- Are they going to be your main contact and do the work themselves or are they just “fronting” – getting you on-board as a client before they delegate to a less experienced junior lawyer?
- Will they advise you on the law in the context of your business rather than a one size fits all – this is VERY important or you could end up spending a lot more money that you need to.
- Will they give you a sensible risk analysis to guide you through difficult decisions rather than telling you that you can’t do it?
- Do they abhor the idea of “over-lawyering” (ie creating issues where there doesn’t need to be issues) just to rack up the fees? Yes, believe it or not, some lawyers do this…
- Will they deliver sensible, practical, business-focused advice in the simplest and most efficient way?
- Do they have the knowledge and experience to advise you on all aspects of your business (think intellectual property, employment, property lease, litigation etc) and to support you as your business grows (think investment, joint ventures, exits etc) or at the least are they in a network where such services can be provided at a similar quality.
- Will they make getting from A to Z as stress free as possible and even pleasurable… Yes this is possible! Do you actually like this person??
- Are they modern, vibrant and fast paced or a bit of a plodder – remember you are likely to be paying for those long-winded meetings and telephone conversations and you don’t want to lose the will to live every time you talk to your lawyer.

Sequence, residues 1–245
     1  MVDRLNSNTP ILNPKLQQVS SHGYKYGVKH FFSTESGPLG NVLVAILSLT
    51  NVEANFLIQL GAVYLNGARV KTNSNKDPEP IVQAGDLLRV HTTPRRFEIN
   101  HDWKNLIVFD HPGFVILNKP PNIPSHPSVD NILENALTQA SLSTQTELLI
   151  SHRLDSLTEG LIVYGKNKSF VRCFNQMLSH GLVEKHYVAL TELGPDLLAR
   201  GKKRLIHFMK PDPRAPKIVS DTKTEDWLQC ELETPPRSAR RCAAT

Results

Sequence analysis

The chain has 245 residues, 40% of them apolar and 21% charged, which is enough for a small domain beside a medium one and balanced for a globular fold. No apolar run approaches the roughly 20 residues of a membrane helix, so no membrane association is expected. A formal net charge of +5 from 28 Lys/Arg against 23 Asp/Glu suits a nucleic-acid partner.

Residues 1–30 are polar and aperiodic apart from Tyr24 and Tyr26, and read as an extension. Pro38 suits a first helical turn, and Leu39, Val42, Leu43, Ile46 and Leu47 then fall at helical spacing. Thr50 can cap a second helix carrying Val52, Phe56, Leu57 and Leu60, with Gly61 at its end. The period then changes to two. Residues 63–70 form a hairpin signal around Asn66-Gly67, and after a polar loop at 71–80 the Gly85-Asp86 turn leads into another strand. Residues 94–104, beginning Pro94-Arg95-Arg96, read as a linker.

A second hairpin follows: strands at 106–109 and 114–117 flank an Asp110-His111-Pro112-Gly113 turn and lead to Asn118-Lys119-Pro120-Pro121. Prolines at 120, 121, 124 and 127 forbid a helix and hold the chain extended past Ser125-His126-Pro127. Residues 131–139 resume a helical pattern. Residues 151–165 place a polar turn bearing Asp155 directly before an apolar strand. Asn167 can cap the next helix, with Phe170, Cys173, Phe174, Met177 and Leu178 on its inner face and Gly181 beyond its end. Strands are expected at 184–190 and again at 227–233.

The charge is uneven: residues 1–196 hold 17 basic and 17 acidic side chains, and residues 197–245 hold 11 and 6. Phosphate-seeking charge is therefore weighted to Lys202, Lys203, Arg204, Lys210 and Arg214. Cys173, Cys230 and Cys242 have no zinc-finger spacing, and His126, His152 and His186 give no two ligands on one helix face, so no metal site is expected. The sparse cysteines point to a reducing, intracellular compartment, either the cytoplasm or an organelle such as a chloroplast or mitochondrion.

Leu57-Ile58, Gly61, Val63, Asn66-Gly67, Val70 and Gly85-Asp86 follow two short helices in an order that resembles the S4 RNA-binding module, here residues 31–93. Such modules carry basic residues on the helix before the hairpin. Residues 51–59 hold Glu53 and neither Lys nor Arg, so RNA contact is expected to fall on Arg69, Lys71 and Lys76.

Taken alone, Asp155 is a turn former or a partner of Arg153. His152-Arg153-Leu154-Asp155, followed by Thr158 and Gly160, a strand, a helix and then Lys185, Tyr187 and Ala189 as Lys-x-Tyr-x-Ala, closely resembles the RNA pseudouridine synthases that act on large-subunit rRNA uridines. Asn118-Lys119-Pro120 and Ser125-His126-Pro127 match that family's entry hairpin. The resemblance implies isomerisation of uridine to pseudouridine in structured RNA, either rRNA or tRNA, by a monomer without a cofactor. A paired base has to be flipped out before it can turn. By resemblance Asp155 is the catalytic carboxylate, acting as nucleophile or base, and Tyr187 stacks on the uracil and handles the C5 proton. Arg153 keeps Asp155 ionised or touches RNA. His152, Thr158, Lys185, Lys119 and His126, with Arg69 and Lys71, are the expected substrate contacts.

- Do they really listen to what you want or do they hear what they think you want.
- Do they use the latest technology to communicate or are they stuck in the dark ages of dictating a letter to their secretary and sending it out by post?
- And perhaps most importantly, are they fair and transparent with their fees. Note, I did not say “cheap” – generally if you pay peanuts, you get monkeys… Ask for a fixed fee if possible although note that lawyers will be reluctant to fix fees where there are other lawyers involved, as they do not know how the negotiations will go. But for something that they are in control of, such as drafting your standard terms of business, they should be able to provide a fixed fee quote. For hourly rates, check what basis your lawyer charges on – most lawyers will charge in at least 6 minute units and some 10 minutes – what this means is that if they call you and get your voicemail they could in theory (and many do) charge you for 10 minutes’ work which on an hourly rate of say £300 per hour is £50 for that missed call…!
Be sure to look out for the next edition where we deal with Part 2 – how to get the most out of your “great” lawyer once you have found them.
Copyright Suzanne Dibble 2013
* Although the concepts in this article have global application, the information contained in the article is based on English law only and is provided for information purposes only and is not intended to amount to advice on which reliance should be placed. Suzanne disclaims all liability and responsibility arising from any reliance placed on such information. Professional advice should be obtained before taking or refraining from taking any action as a result of the above contents.